Contact GME at recall@gme.net.au or your local distributor to arrange a replacement of your beacon at no extra charge.

GME EPIRB

Jul 142014
 
little

Failure occurred because a small drive belt that connected the console throttle lever components to an electrical potentiometer failed

Little things, sometimes not included in routine maintenance, can cause big problems warns the US Coast Guard in a Safety Alert. A  worn drive belt and loose nuts that went unnoticed are among the example that led to close calls that could easily have become casualties.

One example concerns a two-decades-old bulker which was leaving port when its main engine throttle failed. It managed to drop anchor without incident.

It happened because a small drive belt that connected the console throttle lever components to an electrical potentiometer failed. Movement of the throttle causes the potentiometer to move and creates a variable signal to other controls which manage engine speed. When the belt failed the control from the engine room console was lost. Fortunately, the vessel had a spare belt that the engineers replaced quickly.

The underside of the Bosch/Rexroth throttle was encased and the belt was not visible under normal circumstances. It was not routinely inspected.

Continue reading »

Jul 112014
 

pyroPyrotechnics: Think before you throw is the message from the Marine Safety Forum in its latest safety alert.

Says MSF: “Recently at a depot where ship’s garbage is sorted, a discarded marine flare ignited on the picking line. Fortunately on this occasion there was no injury to personnel involved but some damage has been done to the conveyor belt.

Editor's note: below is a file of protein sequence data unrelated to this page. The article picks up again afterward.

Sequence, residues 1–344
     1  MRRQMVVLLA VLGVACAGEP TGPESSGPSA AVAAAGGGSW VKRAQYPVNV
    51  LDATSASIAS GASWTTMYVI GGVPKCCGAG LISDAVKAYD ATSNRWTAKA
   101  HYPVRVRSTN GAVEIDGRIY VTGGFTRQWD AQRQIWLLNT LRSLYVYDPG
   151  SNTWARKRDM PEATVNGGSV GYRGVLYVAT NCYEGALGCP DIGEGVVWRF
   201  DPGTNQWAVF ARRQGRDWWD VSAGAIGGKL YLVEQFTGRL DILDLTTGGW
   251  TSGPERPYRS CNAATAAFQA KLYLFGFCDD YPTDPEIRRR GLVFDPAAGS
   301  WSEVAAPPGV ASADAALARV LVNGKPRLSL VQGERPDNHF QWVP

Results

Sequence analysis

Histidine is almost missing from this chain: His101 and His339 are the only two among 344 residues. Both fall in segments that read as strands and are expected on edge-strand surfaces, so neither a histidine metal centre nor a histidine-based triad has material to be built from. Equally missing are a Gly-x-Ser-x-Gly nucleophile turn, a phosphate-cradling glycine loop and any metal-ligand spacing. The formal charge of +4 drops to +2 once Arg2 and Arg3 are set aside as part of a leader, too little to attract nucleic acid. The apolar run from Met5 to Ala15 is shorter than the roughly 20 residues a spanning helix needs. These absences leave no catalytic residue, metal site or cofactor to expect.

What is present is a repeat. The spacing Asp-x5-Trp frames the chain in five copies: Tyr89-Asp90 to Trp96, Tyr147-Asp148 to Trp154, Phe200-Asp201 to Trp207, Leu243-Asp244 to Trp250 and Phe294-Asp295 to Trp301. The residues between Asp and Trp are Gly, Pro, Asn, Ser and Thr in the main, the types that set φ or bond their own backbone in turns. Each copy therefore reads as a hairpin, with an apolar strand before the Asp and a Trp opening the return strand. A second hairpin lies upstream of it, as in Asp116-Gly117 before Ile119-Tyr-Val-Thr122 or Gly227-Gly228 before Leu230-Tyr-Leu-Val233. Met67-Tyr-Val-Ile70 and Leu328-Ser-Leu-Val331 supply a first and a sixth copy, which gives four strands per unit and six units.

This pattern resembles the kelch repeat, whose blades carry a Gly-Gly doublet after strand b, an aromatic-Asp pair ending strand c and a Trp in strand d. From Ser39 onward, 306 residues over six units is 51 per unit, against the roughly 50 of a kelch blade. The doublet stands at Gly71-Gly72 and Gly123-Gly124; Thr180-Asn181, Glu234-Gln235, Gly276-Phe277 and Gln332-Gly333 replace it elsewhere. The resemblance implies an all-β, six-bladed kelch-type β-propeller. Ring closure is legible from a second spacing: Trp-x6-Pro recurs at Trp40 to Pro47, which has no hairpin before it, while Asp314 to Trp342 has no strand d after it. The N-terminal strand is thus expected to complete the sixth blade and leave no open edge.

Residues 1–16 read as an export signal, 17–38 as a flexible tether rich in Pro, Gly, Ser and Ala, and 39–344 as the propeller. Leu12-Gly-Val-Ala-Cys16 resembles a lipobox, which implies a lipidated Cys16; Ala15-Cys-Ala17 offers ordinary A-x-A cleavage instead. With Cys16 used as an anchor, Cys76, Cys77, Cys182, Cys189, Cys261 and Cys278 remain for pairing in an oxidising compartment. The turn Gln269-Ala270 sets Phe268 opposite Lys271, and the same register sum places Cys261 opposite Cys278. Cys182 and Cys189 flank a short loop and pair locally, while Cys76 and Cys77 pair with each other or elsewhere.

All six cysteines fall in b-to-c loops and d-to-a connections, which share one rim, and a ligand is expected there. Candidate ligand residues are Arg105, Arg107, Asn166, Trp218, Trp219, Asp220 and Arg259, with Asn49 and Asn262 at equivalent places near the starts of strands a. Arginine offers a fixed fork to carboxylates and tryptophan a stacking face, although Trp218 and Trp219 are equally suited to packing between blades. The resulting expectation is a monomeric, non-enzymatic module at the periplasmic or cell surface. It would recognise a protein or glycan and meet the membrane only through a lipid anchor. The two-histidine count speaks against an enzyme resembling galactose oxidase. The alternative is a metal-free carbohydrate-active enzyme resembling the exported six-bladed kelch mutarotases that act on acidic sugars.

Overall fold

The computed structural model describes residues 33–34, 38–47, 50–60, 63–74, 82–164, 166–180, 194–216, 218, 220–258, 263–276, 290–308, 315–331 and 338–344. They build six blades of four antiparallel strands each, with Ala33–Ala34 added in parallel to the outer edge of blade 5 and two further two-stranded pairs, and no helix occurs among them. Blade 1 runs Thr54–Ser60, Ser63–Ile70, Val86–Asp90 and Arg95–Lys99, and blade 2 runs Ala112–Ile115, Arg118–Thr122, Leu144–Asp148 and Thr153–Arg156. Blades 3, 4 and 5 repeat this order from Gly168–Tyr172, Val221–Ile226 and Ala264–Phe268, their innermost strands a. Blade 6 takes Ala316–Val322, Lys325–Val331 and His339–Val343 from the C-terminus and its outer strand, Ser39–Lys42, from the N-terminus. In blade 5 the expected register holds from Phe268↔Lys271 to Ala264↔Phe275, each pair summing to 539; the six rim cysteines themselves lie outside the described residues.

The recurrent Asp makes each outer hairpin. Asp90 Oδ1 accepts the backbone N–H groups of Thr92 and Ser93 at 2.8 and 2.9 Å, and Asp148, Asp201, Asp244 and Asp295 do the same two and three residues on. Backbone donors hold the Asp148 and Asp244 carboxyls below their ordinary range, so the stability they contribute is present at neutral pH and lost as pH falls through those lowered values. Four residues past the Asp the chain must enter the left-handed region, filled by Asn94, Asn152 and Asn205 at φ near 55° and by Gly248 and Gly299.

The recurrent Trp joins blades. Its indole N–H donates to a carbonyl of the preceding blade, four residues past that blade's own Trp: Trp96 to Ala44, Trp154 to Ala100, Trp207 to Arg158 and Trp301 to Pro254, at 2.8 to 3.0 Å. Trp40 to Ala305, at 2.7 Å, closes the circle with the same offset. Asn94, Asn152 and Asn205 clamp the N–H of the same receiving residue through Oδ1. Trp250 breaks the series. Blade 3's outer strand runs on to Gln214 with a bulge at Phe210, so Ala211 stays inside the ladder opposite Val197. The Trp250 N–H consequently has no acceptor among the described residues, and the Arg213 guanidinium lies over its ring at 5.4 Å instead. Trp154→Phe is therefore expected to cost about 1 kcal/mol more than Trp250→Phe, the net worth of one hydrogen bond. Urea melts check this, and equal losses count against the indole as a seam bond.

Investigations are currently underway, and with the help of other agencies it is hoped that the owner can be traced.

Mariners, Ship Owners, Agents and Chandlers are reminded that flares and other special wastes should not be disposed of within the ship’s waste receptacles provided by the port.

Disposal of Ship’s flares or any Marine pyrotechnic should only be arranged through an approved provider for such services.
Further information on safe disposal will be available through ships chandlers and suppliers of replacement/new pyrotechnic items.

Download the safety alert

Jul 102014
 

waterlightSinking lifebuoys have already appeared on MAC, now the US Coast Guard has issued an alert regarding replacement batteries on emergency equipment. In this case it was the floating water light attached to  lifebuoy that sank thanks to a replacement battery that was the wrong weight.